Back again, kittens?
The leaves are yellow, there’s a chill in the air, it’s getting dark earlier… Halloween must be approaching. And with it, Catch the Keys’ Dead Centre of Town.
Dead Centre of Town returns again to Fort Edmonton Park for the fourth year, this time taking over the 1920 Johnny J Jones Midway. Dead Centre of Town is an immersive, roving horror show telling creepy and ghoulish stories from Edmonton’s history to an audience that moves with the actors around Fort Edmonton Park.
Playwright and Catch the Keys Co-Producer Megan Dart says the team has been dreaming of creating a show on the Midway since they started working with Fort Edmonton and are excited to be able to finally realize that dream on Dead Centre of Town‘s tenth anniversary. “The Midway is such an incredible space – I think there’s so much fun to be had with the structures. We have this beautiful hand-carved carousel, which is a sight to behold of itself. There are also all of these game booths that would have been true to a 1920s circus, plus there’s just the creative leeway in telling stories of that sideshow oddity culture that would have surrounded circuses at that time.”
“We’re into the off-season now, so the rides on the Midway have been stripped of their chairs and gears and it has this real skeletal feel to it, which it doesn’t during the summertime. It’s a wonderfully creepy place to be creating theatre in.”
Megan and the Catch the Keys team have completely dug into the Victorian circus era and sideshow culture for this year’s show. Megan describes her favourite story that she dug up in the research for this year’s Dead Centre of Town: There are just some really incredible Edmonton connections to some of the stories we’re telling this year. I think my favourite story, and what we’ve sort of hinged the show on this year, is that in 1926, the Sell’s Floto circus came through Edmonton and while they were setting up for the circus, 14 elephants escaped and stampeded down Jasper Avenue. They were able to catch most of the elephants, but there was one, whose name was Mad Mary, who became the unlikely leader of the group. They couldn’t contain her, so she stampeded through Edmonton all day and all night until she grew so tired that they were able to corner her in a lumber yard and bring her home. That idea of being on Jasper Avenue on a typical business day and seeing this heard of elephants stampeding down the street would be so overwhelming and so terrifying for so many reasons, that’s why it’s one of my favourite stories we’re telling this year.”
“Of course, we’re delving into everything creepy and grotesque and we’ve dug into the sideshow culture of the circus this year and we’re looking at how both animals and people were really objectified in that culture through the 1920s. There will be some uncomfortable scenes, some surprising scenes. We’re staying true to the fact that the show is rated 18A, so if gore, the supernatural and foul language are not your jam, don’t come – or, be adventurous. It’s rated 18A for a reason!”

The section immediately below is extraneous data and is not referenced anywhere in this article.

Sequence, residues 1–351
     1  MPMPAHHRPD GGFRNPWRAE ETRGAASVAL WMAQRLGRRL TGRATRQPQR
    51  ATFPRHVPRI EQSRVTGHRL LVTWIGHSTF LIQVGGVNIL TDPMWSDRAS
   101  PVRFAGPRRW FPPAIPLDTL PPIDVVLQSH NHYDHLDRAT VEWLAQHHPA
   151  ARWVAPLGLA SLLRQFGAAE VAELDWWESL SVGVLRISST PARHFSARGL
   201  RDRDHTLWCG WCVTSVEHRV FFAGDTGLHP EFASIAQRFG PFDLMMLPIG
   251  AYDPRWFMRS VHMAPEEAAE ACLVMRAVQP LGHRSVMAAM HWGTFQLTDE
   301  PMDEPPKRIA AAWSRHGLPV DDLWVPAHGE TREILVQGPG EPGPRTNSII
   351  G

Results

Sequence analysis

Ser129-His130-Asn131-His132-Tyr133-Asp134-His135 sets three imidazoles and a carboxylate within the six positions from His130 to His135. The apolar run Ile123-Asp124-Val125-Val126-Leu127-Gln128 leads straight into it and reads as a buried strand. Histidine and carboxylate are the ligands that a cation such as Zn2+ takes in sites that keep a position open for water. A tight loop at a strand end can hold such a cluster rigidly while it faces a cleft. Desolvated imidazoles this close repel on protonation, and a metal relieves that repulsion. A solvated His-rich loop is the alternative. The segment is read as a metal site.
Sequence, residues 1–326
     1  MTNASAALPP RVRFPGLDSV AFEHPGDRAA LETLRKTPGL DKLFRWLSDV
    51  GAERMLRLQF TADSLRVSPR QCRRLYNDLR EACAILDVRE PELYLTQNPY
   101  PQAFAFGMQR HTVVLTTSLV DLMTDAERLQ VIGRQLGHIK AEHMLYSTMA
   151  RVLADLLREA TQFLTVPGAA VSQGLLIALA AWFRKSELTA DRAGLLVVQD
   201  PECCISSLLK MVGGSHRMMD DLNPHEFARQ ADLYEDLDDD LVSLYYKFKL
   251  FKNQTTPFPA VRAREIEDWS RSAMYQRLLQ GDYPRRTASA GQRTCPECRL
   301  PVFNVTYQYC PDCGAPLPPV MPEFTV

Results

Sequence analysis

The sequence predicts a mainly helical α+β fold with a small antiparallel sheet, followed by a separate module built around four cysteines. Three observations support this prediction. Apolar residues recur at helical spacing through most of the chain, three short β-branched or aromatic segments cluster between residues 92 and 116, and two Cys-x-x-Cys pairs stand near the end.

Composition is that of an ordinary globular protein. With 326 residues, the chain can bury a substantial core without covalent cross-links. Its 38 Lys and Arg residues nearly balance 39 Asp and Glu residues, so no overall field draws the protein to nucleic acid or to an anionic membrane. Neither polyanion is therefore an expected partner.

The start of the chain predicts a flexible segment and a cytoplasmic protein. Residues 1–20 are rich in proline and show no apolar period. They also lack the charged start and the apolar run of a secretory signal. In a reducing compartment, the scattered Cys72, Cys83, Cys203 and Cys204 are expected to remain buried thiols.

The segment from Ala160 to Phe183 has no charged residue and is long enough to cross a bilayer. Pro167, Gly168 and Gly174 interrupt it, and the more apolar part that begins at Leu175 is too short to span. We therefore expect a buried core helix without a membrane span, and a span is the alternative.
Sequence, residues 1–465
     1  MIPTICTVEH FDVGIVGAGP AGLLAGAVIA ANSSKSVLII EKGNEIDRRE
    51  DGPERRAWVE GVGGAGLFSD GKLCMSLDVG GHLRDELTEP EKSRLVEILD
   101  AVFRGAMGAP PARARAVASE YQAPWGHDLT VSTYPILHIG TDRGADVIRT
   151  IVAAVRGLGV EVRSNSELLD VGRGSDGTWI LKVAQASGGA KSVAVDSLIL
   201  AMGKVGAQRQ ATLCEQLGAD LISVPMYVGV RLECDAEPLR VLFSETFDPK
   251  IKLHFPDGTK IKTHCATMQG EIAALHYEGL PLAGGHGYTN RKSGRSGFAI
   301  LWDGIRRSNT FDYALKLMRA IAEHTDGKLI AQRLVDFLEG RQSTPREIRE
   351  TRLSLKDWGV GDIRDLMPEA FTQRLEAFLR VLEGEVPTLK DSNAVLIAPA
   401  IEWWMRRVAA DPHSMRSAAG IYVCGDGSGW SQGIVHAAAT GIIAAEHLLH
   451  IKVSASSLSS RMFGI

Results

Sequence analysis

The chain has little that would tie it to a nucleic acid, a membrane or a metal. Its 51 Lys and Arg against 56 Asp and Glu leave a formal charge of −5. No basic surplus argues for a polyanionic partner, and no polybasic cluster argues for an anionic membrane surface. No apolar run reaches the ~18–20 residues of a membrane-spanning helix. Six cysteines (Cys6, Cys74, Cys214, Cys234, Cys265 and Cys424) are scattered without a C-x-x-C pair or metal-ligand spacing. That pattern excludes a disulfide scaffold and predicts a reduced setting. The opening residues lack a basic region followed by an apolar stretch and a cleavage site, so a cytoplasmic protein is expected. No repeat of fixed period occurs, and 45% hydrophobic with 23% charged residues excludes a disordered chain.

While Dead Centre of Town is an immersive horror experience, Megan emphasizes it’s not a haunted house. There are no jump scares. The horror is created through the psychological thrill, but that doesn’t mean it’s any less terrifying. To date, three audience members have fainted during performances, while others have had to leave the show. Megan says, “What I love about all of it, is it’s all true. These are all things that happened that you can go home and research. We’re always there after the show for people to ask us questions, but I think that’s kind of the most wonderful, creepy thing about it is that these stories are all part of our history. We say it’s part immersive experience, part history lesson, and part horror show.”
Back to the beginning
Having written and co-produced Dead Centre of Town for ten years, Mean says it’s the adventure of uncovering Edmonton’s history that keeps her coming back to the show. ” We are ten years strong and we are yet to repeat a story. Every year we dig up something new and interesting that we didn’t know the year previous. Considering Edmonton is so young in the grand scheme of things, compared to cities out east or in the United States, you wouldn’t expect there to be such a rich history here, but there is. I feel like we haven’t even really scratched the surface of stories to tell. As a Producer, I am just motivated by the fact that we have the most incredible, killer, talented team that comes back every year. This is our reunion, our Christmas – it’s better than anything. We have people who have been with us since day one and come back every year with a renewed energy and with exciting new ideas and they’re always willing to push the envelope. It always makes us so excited to work with a team of people who are so ridiculously dedicated to this project and who bring such a vibrant energy to it and who are just committed to the weird!”
Megan says Dead Centre of Town has grown exponentially since the first year: “from a $500 budget to one that is almost what we’d like it to be. We’ve grown from a tech team of two to now twelve. A cast of five to a cast of fifteen. In our first year, we had 150 people come; this year, if we sell out all of our shows, which I’m really hoping we will, we’ll have 3400 people come to see the show. It’s amazing to me that this continues to grow year-over-year.”
A handful of Dead Centre of Town performances have already sold out, but this year’s run is extended to a 19-day run (excluding Mondays). The show will run October 13 – 31, with shows at 7:00 and 9:00 p.m. Those who purchase their tickets before October 13 will receive $5 off their tickets otherwise, tickets are $28.57 through Fort Edmonton Park’s box office.
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